The World According to Renee

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Water for Elephants

Water for Elephants by Sara Gruen tells the story of an old man recalling his life. Now aged “90 or 93”, Jacob is living in a nursing home, feeling trapped because he still has most of his marbles and his family has forgotten him. The highlight of his week is the promise of seeing a circus which has come to town, sparking recollections of his own circus days during the Depression.

Sara Gruen started writing the novel as part of NaNoWriMo- a month long venture in which budding authors are encouraged to write 50,000 words during the month. She was inspired by a Depression-era photo of a real circus. She did extensive research into the behaviours of animals and also circuses of the time. She’s included interesting anecdotes into the novel: truth is often stranger than fiction.

Water for Elephants is cliched on so many levels. Not that I’m particularly familiar with the Bible, but  apparently the story is closely related to that of Jacob from the Old Testament. The old man recalling an interesting past reached a peak (for me at least) with The Green Mile. The usual plotlines of love and betrayal are mindlessly explored. What struck me is the lack of emotion within the writing. Jacob himself narrates the tale and although he’s hot headed and temperamental, there’s no real emotion pouring through the pages. The parts one is expected to be sad in, didn’t happen for me (whilst I’ve never cried during a movie, a good book will bring forth tears). Whether that was an intentional device used by Gruen to highlight the ‘strong man’ Jacob is or whether she’s just not good enough at illiciting an emotional response, I don’t know.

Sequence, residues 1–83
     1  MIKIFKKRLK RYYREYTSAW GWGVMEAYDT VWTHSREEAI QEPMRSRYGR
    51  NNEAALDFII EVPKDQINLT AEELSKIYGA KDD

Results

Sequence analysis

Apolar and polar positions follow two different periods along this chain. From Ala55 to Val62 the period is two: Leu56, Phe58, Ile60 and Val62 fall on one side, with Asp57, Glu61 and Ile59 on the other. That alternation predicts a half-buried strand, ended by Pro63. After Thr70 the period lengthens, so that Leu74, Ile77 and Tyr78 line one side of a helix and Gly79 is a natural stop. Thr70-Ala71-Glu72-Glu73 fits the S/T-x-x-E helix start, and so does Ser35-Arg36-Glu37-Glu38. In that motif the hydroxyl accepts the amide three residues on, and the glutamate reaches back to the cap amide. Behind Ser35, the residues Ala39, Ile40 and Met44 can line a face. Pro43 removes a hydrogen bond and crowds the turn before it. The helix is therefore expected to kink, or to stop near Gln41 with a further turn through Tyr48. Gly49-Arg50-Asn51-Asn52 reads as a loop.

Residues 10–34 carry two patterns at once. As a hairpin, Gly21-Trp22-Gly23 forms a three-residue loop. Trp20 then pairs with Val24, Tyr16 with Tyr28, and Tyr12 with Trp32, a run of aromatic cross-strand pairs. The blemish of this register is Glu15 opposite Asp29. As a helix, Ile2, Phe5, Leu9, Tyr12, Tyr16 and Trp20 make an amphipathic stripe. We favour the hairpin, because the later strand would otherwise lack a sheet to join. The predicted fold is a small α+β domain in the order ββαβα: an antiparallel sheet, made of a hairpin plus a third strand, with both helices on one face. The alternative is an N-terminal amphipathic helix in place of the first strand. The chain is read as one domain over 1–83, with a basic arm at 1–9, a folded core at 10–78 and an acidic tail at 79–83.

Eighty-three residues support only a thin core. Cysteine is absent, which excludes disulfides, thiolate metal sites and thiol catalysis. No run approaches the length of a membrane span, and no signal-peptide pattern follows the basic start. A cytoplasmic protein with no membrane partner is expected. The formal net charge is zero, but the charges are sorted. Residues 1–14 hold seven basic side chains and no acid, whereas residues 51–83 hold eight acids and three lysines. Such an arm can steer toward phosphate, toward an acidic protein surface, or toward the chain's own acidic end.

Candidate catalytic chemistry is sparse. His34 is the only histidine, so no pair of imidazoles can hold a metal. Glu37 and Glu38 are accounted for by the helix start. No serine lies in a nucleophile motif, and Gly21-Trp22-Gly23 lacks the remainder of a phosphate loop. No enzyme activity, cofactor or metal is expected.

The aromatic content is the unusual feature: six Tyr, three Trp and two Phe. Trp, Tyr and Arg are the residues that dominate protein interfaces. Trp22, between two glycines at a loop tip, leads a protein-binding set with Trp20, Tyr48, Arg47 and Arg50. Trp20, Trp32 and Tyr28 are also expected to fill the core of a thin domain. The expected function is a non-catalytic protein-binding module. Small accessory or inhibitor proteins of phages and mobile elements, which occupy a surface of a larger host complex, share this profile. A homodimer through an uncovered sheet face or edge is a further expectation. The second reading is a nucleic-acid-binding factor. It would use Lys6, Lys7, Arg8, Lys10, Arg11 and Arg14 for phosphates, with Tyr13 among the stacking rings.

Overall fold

Several plot points weren’t tied up. The reason Jacob starts the tale is because he’s sitting next to a man at the nursing home who says he too worked for a circus, bringing water to the elephants. Jacob calls him a liar (“and an old coot!”) and thus begins the tale; but exactly why he was being called a liar is never explored. I’m sure elephants need to drink too… Why certain characters were redlighted (thrown from the moving train because they were considered a burden) has no reason although serves as the plot point for the climax. The reasons behind events remains largely ignored, forgotten in favour of moving the story along.

And move along, it certainly does. It was interesting enough for me to finish the novel in two days, and the end is appropriate, but I’m left wanting more answers and depth to the novel. Although a fitting end, it was largely unsatisfying. Hopefully these holes can be filled with the film adaptation: the movie is being filmed as I speak and due out next year.

Water for Elephants is definitely interesting and shows Depression-era America as both pathetic and glamourous. Several characters are physically weak and pathetic, contrasted against the grandeur of the performers and the Big Top. There’s no reason to become attached to the characters, a result of a lack of emotional bonding between the author and the reader.



June 28, 2010 - Posted by | Reviews

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